Govt mulls dividends plan to cut circular debt
Govt mulls dividends plan to cut circular debt
Adviser to the Prime Minister on Finance and Revenue Shaukat Tarin has encouraged energy heavyweights to announce dividends and count the same towards settling the circular debt. — AFP/File

KARACHI: The government is considering a scheme to reduce the stock of the circular debt by declaring dividends for the shareholders of energy sector companies.

The government owns major stakes in big energy companies and stands to benefit directly if they announce dividends.

According to an official statement on Monday, Adviser to the Prime Minister on Finance and Revenue Shaukat Tarin chaired a meeting on the issue at the Finance Division. The petroleum secretary told the meeting a low pay-out ratio and a mounting circular debt have resulted in a significant drop in the share prices of energy companies on the Pakistan Stock Exchange. Poor cash flows are affecting future growth and long-term sustainability of the listed energy companies, the statement quoted him as saying.

Mr Tarin advised the energy companies to make the “best use of their resources” and directed the Petroleum Division to present a workable plan in the next meeting.

Tarin assures millers sugar industry’s problems will be resolved on a priority basis

In the recent past, Mr Tarin has encouraged energy heavyweights to announce dividends and count the same towards settling the circular debt.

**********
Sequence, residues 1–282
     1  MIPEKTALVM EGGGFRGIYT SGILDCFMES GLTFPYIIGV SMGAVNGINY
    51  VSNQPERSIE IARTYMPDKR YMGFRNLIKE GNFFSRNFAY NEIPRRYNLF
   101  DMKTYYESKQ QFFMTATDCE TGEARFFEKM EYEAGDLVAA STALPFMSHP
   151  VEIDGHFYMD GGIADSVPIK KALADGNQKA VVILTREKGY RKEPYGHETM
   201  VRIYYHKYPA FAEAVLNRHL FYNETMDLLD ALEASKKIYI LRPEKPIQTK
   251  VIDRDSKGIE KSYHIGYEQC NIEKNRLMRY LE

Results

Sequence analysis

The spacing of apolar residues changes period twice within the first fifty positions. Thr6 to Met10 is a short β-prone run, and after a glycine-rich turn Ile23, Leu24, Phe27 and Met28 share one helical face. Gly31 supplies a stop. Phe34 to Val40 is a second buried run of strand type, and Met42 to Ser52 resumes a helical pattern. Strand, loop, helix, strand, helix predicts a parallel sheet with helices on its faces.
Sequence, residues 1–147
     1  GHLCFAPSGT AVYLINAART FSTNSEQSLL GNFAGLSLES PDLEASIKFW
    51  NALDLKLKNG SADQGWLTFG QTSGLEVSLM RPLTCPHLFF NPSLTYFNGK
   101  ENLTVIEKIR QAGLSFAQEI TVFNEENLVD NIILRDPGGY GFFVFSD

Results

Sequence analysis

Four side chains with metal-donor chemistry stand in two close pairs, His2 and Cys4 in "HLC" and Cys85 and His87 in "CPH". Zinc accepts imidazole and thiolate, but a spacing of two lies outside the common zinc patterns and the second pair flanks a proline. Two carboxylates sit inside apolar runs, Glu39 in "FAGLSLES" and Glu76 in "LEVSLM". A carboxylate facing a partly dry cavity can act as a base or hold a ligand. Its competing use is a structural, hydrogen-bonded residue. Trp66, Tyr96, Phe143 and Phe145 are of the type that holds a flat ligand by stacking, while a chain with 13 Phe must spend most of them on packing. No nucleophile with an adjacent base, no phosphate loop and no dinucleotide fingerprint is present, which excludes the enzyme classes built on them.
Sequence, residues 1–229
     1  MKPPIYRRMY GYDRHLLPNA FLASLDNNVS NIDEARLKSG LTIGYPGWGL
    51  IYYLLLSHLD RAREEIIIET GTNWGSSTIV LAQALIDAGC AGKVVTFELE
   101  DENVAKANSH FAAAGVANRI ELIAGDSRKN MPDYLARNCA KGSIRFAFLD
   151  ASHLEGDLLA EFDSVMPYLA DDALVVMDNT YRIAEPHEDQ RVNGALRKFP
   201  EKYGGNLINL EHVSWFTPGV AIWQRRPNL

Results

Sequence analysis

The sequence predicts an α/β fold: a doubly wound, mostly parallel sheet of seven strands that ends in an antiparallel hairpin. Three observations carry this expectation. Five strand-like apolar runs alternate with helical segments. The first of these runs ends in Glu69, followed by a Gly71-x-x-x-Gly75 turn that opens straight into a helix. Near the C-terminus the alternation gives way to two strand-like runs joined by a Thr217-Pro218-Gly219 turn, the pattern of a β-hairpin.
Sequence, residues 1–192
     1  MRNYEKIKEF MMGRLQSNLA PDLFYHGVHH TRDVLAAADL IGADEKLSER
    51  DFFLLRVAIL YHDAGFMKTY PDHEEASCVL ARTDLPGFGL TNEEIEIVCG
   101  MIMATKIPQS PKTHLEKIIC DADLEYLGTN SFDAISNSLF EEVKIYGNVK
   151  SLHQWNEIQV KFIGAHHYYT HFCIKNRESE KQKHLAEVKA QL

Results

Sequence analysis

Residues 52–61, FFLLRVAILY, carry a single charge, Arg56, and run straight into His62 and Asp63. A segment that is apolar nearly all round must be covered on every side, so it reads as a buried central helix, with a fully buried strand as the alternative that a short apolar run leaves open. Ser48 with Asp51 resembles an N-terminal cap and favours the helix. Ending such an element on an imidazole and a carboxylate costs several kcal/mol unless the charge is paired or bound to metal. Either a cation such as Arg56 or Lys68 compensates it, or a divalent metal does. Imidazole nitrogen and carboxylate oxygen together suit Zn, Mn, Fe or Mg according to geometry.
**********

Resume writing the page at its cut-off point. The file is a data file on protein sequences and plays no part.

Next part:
By Mr Tarin’s own estimates, such a move would not only increase energy companies’ valuations on the stock market but also bring down the circular debt by Rs300-400 billion. The stock of unpaid bills within the energy value chain currently hovers around Rs2.5 trillion.

For example, trade debts of Oil and Gas Development Company, one of the last entities in the circular debt chain, include an overdue amount of Rs322.4bn as receivables from oil refineries and gas companies.

As for Pakistan Petroleum Ltd, another tail-end firm in the circular debt chain, trade debts include Rs260.2bn as receivables from state-controlled companies and Rs6.1bn from oil refineries.

The finance adviser had made this suggestion in response to a speech by stockbroker-turned industrialist Arif Habib in a ceremony on Nov 14 in Karachi. In his speech, Mr Habib had noted that the index was trading at (2022) forward price-to-earnings (P/E) multiple of 4.9 versus the historical average of 8.1.

An indicator of how much investors are willing to pay for each rupee in earnings, the prevailing P/E multiple suggests stock values are suppressed, particularly because of cash-flow restraints in index heavyweight energy companies.

Mentioning the benefits of announcing dividends and adjusting them against the outstanding circular debt, Mr Tarin also referred to the global depositary receipts or GDRs, which are instruments to raise capital by listing local companies on foreign stock exchanges. Declaring dividends will improve valuations of energy companies and enable the government to raise funds internationally by issuing GDRs, he had said.

APP adds: Meanwhile, in a meeting with a delegation of Pakistan Sugar Mills Association (PSMA) on Monday, Mr Tarin said the government appreciated the critical role of the sugar industry in the country’s economic progress and would resolve its problems on a priority basis.

He listened to all delegation members keenly and issued orders for the resolution of their problems.

The PSMA delegation apprised the meeting of the issues facing the sugar industry. Mr Tarin reiterated the government’s commitment to address genuine concerns of the industry.

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